Listening Party Podcast Episode 1
Mar 27, 2020 1:00pm
Friday, March 27, 2020 | 4 pm | On Demand
Today Rebecca chats with Pacific Opera’s music staff about some of the amazing and amusing musical experiences that have stuck with them over the years – and the stories behind these memorable experiences.
Join Artistic Director and Conductor Timothy Vernon; Chorus Master and Associate Conductor Giuseppe (Joey) Pietraroia; and Robert Holliston, our Curator of Public Engagement and regular host of Inside Opera and Pacific Opera’s Lobby Talks. And then enjoy today’s Listening Party Podcast Playlist.
Robert Holliston recalls a road trip to Seattle for one of the great operatic evenings of his life – the riveting experience of seeing the great Jon Vickers in Peter Grimes. It was Robert’s first time seeing a large-scale Britten opera – an astounding memory of a live performance by an absolute master of the art form.
Robert also lets us in on a secret: the key to knowing when you’ve experienced a great concert is when you leave the concert hall and walk six blocks in the wrong direction. Find out who the performers are who led him so far astray!
Robert also recalls seeing Kopernikus by Canadian composer Claude Vivier – an event memorable not only for the work and the performance, but for the perfect post-Vivier libation that he discovered afterward.
Joey Pietraroia recalls being a teenager in Montreal, planning a career as a jazz saxophonist, when a free ticket to a concert in the Montreal Forum introduced him to the wonder of symphonic music and turned his heart toward a career as a classical musician.
Joey also reminisces about his encounter with Gustav Mahler’s massive second symphony, known by those in the know as Mahler Two. As a conducting student studying at McGill with none other than Timothy Vernon, Joey had the thrill of conducting one of the off-stage brass sections for the grand finale.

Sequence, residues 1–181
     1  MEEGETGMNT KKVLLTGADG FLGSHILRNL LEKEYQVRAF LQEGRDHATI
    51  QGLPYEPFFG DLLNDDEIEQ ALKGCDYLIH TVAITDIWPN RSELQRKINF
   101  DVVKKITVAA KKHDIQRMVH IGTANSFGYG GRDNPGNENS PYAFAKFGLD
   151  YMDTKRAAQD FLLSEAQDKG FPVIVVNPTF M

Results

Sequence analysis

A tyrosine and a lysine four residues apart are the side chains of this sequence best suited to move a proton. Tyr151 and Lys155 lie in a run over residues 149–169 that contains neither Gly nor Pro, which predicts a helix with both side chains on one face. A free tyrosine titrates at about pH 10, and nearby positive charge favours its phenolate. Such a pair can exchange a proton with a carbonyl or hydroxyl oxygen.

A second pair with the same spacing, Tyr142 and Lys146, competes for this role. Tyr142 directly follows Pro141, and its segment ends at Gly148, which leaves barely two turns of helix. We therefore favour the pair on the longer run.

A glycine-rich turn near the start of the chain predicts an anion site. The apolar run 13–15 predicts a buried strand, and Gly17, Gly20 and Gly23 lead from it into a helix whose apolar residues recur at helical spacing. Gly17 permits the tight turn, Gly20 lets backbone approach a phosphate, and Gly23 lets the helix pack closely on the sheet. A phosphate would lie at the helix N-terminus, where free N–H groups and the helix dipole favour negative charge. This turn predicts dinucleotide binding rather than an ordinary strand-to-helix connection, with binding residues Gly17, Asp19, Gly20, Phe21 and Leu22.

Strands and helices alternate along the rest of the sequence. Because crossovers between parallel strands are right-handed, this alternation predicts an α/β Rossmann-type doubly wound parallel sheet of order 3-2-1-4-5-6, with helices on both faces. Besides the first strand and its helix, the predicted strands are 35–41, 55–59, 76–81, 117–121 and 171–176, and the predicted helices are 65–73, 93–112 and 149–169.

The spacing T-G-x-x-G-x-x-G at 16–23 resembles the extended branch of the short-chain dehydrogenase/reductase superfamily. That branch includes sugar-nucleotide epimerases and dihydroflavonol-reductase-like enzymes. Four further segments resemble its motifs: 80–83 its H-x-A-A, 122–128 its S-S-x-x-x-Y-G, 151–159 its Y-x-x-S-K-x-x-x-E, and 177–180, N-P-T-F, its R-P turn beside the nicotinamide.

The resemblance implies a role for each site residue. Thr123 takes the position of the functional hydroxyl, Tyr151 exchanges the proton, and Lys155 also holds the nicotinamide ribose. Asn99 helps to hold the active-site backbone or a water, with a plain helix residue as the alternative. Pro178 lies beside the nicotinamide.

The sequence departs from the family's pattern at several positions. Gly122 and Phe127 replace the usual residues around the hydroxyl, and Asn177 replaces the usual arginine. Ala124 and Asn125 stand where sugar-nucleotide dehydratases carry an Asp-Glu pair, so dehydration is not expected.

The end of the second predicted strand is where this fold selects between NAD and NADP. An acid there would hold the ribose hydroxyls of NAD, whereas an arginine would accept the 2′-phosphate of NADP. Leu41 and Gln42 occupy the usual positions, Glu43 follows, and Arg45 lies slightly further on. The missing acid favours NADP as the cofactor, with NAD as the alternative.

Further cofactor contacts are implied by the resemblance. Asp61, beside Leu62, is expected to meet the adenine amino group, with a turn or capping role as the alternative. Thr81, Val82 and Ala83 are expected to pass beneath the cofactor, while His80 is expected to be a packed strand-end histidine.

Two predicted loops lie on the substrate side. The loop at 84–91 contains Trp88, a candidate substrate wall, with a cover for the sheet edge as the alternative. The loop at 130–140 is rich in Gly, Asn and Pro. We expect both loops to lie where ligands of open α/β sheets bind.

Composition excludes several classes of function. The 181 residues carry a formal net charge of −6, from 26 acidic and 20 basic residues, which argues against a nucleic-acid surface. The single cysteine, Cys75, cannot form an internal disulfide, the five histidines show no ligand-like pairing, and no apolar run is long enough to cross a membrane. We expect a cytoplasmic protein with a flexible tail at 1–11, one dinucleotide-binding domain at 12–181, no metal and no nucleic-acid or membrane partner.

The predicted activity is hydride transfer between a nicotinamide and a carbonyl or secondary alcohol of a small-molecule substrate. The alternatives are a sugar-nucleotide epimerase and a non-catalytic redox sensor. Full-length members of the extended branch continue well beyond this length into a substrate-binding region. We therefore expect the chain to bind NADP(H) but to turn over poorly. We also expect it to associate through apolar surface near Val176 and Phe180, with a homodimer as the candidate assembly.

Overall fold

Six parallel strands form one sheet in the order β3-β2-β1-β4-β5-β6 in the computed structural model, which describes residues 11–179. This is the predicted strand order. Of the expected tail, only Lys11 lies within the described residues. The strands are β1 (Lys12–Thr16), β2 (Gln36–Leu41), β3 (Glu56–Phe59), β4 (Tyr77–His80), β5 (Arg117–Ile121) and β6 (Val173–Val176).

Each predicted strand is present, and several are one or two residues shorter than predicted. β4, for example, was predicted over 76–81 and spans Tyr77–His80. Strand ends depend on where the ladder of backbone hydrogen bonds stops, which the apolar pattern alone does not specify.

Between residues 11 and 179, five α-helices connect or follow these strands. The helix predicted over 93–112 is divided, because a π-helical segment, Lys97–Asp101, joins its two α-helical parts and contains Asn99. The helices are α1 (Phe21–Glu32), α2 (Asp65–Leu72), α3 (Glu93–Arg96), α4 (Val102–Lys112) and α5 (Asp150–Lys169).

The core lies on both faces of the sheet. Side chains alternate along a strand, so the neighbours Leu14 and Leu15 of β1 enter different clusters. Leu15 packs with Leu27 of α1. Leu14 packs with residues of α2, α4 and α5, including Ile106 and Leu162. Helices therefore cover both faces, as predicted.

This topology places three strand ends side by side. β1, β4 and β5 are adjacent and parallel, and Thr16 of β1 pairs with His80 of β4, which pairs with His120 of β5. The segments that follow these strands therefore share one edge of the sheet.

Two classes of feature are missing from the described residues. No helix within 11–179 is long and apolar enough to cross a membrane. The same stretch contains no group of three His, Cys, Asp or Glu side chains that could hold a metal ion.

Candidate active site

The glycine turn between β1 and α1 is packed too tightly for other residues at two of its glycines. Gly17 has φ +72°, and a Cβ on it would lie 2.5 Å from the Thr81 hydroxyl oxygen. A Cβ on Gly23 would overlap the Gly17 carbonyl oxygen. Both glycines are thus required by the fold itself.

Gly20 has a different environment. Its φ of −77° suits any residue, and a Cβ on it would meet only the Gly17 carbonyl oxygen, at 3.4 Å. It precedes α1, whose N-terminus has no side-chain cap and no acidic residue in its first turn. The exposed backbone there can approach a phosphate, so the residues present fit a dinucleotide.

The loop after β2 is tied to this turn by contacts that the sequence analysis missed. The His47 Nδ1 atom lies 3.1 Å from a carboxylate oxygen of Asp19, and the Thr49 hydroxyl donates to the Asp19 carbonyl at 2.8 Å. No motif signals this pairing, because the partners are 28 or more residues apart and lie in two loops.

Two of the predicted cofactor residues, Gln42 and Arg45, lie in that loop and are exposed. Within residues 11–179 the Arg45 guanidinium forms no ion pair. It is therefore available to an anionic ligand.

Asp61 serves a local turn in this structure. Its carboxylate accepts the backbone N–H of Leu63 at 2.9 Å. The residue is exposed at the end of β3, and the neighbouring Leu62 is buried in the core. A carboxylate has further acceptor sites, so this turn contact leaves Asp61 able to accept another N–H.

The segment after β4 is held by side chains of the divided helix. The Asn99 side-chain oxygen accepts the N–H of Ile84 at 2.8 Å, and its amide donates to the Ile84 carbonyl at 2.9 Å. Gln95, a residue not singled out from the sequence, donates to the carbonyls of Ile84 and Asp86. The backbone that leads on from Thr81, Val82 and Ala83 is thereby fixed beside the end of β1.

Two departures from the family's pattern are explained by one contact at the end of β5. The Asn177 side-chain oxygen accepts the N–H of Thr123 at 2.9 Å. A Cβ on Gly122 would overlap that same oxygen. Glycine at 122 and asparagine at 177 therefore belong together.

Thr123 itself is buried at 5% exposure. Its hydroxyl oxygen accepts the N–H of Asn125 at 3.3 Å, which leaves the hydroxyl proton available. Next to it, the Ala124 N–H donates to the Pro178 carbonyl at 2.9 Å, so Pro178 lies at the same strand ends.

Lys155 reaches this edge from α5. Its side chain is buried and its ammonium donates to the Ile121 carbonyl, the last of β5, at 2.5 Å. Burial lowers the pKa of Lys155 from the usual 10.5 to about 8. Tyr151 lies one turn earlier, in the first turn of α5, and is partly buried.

BONUS: A little more on Mahler Two. This enjoyable overview explains why a performance of Mahler Two is such a mind-blowing event. It includes video excerpts and some wild conductor gifs.
Did you know that Pacific Opera’s Artistic Director Timothy Vernon actually sang the Queen of the Night in public? Timothy started his musical career at the age of six when he joined the Boys Choir at Christ Church Cathedral in Victoria. Over the years he advanced to became a soloist, and, in his own words, “a very swell-headed young rebel”.
When he was 11, Timothy made the trip across to Vancouver to attend one of his first live operas – the thrilling 1958 Don Giovanni that marked the North American debut of Joan Sutherland and featured an assemblage of Canadian luminaries with whom Timothy would later work – Leopold Simoneau, Pierrette Alarie, Bernard Turgeon.
Timothy recalls this historical production and the subsequent adventure of going backstage to chat about singing with the evening’s Don Giovanni, the great George London.
Joey requested the final movement of Beethoven‘s Ninth Symphony and the Egmont Overture, with specific conductors for both, which are reflected in the play list. You will find Joey’s favorite Pavarotti aria in the list, as well as mine. I heard Ah, mes amis live in San Francisco in a concert he gave in 1991 and have never forgotten it, with those outstanding nine – that’s right, NINE – high C’s in the aria. Amazing!
Timothy spoke of a particular Don Giovanni that he saw in 1958 in Vancouver, and I have been able to find almost the whole cast (on different recordings). I regret I was unable to locate any Mozart recorded by Bernard Turgeon, but I did take advantage of the opportunity to share the two tenors Timothy referenced, Fritz Wunderlich and Leopold Simoneau. Timothy requested Simoneau singing Il mio Tesoro and Wunderlich singing Dalla sua pace, but I couldn’t resist sharing them back to back singing the same aria. It’s so interesting to hear two different artists of such skill and renown in the same piece and then to decide for yourself which one you prefer.
You will find a bonus pair of tracks from Don Giovanni as Timothy spoke to me about his love of the recording conducted by Ferenc Fricsay featuring Dietrich Fischer-Dieskau. At Timothy’s request you will find the overture and the scene where the Don gets dragged into hell.
Note: If you don’t already have a Spotify account, you will need to sign up for a free account and either download the app or listen on the web.
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